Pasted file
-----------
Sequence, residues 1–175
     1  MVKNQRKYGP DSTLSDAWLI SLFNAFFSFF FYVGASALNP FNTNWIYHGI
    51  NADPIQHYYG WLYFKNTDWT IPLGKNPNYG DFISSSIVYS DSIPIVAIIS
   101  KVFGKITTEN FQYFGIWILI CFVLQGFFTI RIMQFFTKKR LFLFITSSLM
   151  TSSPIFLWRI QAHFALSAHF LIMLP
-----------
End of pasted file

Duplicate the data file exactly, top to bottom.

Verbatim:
Sequence, residues 1–175
     1  MVKNQRKYGP DSTLSDAWLI SLFNAFFSFF FYVGASALNP FNTNWIYHGI
    51  NADPIQHYYG WLYFKNTDWT IPLGKNPNYG DFISSSIVYS DSIPIVAIIS
   101  KVFGKITTEN FQYFGIWILI CFVLQGFFTI RIMQFFTKKR LFLFITSSLM
   151  TSSPIFLWRI QAHFALSAHF LIMLP